Easement in Gross
What is an easement in gross?
An easement in gross is issued to an individual or entity (corporation). Since it is not granted to land as most easements, there is no dominant tenement. The property upon which it is issued is considered the servient tenement. Once the individual it was granted to (grantee) dies, it terminates.
So, what does easement in gross mean in English?
Say you own a property which borders a lake, and your next door neighbor would like to access the lake by using a trail across your property. You could issue them an easement in gross to allow them to do so. It is issued to them individually and cannot be transferred. Only the individual it was issued to would have the right to use your property for this purpose. Additionally, if they sold their property and moved away, the new owner would no longer have the right unless they negotiated a new one with you.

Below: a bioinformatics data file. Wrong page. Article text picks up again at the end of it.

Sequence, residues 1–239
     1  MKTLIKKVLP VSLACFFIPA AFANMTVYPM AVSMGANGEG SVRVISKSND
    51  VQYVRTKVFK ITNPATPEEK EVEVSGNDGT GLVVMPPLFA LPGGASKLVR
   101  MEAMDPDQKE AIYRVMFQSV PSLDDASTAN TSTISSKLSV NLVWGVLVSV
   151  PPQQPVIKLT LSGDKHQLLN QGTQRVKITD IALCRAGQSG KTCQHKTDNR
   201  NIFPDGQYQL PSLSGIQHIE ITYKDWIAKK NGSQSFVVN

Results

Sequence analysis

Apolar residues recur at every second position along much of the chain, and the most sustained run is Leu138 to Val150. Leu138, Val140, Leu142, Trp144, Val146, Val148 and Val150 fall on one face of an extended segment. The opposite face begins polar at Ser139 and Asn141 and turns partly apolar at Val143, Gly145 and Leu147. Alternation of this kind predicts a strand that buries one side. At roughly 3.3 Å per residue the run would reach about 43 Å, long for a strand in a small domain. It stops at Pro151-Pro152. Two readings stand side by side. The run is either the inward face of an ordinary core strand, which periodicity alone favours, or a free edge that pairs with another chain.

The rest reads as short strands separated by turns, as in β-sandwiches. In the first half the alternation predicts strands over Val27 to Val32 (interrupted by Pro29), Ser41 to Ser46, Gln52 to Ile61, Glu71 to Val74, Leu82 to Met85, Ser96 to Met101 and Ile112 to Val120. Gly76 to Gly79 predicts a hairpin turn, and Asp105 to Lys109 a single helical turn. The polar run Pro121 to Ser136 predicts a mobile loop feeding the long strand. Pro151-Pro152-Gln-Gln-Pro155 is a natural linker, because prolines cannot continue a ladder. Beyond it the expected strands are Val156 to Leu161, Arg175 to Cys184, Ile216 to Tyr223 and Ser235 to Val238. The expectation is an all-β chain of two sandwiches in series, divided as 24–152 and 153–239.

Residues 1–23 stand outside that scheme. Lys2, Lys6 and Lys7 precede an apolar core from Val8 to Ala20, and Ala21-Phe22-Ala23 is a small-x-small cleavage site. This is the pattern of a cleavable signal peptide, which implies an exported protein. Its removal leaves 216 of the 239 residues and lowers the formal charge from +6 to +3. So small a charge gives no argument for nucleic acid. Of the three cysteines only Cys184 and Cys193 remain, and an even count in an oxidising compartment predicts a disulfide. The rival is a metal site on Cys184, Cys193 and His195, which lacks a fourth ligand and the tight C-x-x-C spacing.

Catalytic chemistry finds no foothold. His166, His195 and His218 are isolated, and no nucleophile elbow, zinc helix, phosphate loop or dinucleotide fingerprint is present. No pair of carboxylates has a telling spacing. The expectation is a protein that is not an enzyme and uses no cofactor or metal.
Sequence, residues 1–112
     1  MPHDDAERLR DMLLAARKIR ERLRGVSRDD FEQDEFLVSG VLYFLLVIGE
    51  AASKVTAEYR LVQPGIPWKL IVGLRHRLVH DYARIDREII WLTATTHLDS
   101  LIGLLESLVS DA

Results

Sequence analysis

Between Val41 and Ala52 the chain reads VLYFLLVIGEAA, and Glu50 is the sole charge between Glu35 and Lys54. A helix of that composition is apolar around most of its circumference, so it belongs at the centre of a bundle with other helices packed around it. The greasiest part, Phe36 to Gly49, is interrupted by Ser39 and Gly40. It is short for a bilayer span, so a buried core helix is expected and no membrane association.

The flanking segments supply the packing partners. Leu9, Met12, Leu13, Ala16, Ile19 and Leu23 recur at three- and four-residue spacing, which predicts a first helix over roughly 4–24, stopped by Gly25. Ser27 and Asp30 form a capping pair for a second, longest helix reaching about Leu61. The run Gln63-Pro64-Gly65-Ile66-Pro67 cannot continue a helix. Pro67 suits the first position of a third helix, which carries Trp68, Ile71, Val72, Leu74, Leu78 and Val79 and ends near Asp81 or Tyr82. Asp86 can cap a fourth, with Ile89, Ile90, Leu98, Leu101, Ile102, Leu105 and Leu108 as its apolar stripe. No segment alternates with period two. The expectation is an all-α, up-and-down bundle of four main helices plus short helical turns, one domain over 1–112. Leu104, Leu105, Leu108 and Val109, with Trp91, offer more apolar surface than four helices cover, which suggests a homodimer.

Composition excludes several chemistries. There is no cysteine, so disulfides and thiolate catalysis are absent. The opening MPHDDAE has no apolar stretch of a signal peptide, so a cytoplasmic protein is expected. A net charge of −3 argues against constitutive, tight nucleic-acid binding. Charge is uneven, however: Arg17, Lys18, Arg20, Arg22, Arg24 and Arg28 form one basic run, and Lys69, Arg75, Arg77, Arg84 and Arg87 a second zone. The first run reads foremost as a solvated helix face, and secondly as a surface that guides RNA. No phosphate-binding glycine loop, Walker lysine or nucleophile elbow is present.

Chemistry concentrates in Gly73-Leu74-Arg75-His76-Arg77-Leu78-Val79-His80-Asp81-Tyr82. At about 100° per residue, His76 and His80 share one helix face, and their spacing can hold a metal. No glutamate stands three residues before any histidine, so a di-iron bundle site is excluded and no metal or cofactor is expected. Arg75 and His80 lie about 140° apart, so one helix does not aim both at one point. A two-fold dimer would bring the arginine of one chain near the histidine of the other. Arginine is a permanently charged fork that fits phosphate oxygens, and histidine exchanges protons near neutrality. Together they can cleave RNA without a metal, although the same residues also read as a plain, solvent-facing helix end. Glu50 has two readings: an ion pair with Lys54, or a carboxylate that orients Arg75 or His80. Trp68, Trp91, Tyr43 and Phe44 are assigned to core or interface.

In the real world where would an easement in gross most commonly be seen?
Most are given to entities (corporations), such as utility companies. They are used by the utility company to maintain power lines or telephone lines necessary to provide services. Easements in gross issued to entities are called commercial easements in gross, and usually may be assigned or conveyed by the easement holder.
What other terms related to easement in gross should I know for my exam?
Click below for a review of easements for your real estate licensing exam:
What else can help me prepare to pass my real estate licensing exam on my first attempt?
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